Ward v. Cisco Systems, Inc.

NOTE: The information and commentary contained in this database entry are based on court filings and other informational sources that may contain unproven allegations made by the parties. The truthfulness and accuracy of such information is likely to be in dispute. Information contained in this entry is current as of the last event mentioned in the "Description" section below; additional proceedings might have taken place in this matter since this event.

Summary

Threat Type: 

Lawsuit

Date: 

11/07/2007

Status: 

Concluded

Location: 

Texas, Arkansas

Disposition: 

Withdrawn

Verdict or Settlement Amount: 

N/A
Rick Frenkel authors the Patent Troll Tracker blog, where he comments on lawsuits that in his view abuse the patent system. John Ward, Jr., a patent lawyer practicing in Texas, sued Frenkel and his employer, Cisco Systems,... read full description
Parties

Party Receiving Legal Threat: 

Richard Frenkel; Cisco Systems, Inc.

Type of Party: 

Individual

Type of Party: 

Individual
Large Organization

Location of Party: 

  • Texas

Location of Party: 

  • California

Legal Counsel: 

Michael D.Barnes (Wright Lindsey and Jennings LLP, for Defendant Frenkel); George L. McWilliams (Law Office of George L. McWilliams, P.C., for Defendant Frenkel); Charles L. Babcock (Jackson Walker, LLP, for Defendant Cisco), Richard E. Griffin (Jack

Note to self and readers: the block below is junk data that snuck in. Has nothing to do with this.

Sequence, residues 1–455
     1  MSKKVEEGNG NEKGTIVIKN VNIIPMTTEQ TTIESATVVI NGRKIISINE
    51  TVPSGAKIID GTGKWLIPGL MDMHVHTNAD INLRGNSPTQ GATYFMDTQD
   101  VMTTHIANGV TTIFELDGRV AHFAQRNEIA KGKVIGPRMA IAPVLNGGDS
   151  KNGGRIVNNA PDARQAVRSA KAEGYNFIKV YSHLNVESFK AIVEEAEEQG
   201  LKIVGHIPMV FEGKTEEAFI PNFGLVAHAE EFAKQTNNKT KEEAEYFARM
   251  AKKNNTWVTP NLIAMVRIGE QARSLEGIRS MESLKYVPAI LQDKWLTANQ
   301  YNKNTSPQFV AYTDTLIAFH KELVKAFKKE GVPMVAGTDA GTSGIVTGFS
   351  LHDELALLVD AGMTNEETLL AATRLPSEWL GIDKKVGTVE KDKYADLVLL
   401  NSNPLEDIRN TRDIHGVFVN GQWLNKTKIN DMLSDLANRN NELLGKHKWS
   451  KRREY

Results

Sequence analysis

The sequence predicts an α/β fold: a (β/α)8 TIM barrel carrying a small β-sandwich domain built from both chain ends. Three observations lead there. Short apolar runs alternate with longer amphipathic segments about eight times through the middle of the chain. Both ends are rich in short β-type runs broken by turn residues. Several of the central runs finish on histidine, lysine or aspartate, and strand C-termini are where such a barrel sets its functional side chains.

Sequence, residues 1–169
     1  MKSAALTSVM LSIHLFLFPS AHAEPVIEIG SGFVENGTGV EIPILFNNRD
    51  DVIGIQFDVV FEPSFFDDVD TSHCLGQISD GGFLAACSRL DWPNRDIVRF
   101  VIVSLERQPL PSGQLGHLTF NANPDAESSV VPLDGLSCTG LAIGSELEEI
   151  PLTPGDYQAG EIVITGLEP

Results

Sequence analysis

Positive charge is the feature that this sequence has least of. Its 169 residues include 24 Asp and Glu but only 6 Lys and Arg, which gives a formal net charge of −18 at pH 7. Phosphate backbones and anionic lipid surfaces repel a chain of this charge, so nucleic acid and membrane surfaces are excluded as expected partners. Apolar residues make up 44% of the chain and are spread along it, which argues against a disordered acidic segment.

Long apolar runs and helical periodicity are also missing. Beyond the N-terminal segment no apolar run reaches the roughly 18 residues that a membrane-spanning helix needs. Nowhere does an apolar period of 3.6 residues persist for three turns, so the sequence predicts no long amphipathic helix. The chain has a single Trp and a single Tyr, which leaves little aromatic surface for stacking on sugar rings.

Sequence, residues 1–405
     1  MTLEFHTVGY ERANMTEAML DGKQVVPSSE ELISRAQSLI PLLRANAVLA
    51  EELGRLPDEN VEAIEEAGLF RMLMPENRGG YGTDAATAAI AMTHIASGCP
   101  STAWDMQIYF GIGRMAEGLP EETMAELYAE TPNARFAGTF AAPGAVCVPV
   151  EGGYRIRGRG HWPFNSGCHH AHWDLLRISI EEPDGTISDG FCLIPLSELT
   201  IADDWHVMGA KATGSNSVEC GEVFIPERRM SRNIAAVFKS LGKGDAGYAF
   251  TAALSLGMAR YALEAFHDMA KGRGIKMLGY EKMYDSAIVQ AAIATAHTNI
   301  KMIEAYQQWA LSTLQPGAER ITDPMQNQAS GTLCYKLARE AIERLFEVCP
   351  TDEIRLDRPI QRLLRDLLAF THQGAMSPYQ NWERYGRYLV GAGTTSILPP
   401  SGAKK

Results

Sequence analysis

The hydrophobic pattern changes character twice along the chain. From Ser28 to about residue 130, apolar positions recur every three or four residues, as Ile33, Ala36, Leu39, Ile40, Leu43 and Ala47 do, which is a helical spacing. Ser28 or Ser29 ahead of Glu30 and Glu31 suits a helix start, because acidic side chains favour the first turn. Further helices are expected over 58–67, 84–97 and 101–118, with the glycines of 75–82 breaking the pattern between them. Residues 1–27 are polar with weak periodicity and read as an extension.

Description

Rick Frenkel authors the Patent Troll Tracker blog, where he comments on lawsuits that in his view abuse the patent system. John Ward, Jr., a patent lawyer practicing in Texas, sued Frenkel and his employer, Cisco Systems, for defamation. Ward alleges that Frenkel's post of October 18, 2007  falsely implied that Ward and a colleague had conspired with a Federal Court official to illegally alter court documents.

In his blog, Frenkel covers litigation brought by plaintiffs he considers to be patent trolls. "Patent troll" is a derogatory label for companies that do not develop technology or manufacture products themselves, but allegedly profit by abusing the patent system to extort legal settlements from companies that do. A troll first buys patent rights and then threatens lawsuits against wealthy corporations for infringing those patents. The troll hopes to obtain a lucrative settlement by inflicting commercial uncertainty and legal costs on the corporation as a result of the pending suit-regardless of the merits of its claims.